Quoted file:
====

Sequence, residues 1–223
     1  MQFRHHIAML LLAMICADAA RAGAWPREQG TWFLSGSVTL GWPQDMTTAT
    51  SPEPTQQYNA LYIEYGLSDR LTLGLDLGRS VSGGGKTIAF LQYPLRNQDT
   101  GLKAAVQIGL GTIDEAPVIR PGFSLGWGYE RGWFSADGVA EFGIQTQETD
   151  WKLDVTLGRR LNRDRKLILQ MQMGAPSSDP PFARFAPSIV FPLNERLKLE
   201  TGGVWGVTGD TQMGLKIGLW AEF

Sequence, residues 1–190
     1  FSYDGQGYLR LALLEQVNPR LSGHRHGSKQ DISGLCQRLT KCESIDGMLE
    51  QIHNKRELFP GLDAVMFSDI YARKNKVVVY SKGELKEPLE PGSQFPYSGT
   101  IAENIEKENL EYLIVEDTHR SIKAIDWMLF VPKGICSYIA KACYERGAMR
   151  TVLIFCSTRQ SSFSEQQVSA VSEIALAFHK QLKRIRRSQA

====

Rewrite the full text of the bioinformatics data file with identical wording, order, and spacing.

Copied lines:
Sequence, residues 1–223
     1  MQFRHHIAML LLAMICADAA RAGAWPREQG TWFLSGSVTL GWPQDMTTAT
    51  SPEPTQQYNA LYIEYGLSDR LTLGLDLGRS VSGGGKTIAF LQYPLRNQDT
   101  GLKAAVQIGL GTIDEAPVIR PGFSLGWGYE RGWFSADGVA EFGIQTQETD
   151  WKLDVTLGRR LNRDRKLILQ MQMGAPSSDP PFARFAPSIV FPLNERLKLE
   201  TGGVWGVTGD TQMGLKIGLW AEF

Sequence, residues 1–190
     1  FSYDGQGYLR LALLEQVNPR LSGHRHGSKQ DISGLCQRLT KCESIDGMLE
    51  QIHNKRELFP GLDAVMFSDI YARKNKVVVY SKGELKEPLE PGSQFPYSGT
   101  IAENIEKENL EYLIVEDTHR SIKAIDWMLF VPKGICSYIA KACYERGAMR
   151  TVLIFCSTRQ SSFSEQQVSA VSEIALAFHK QLKRIRRSQA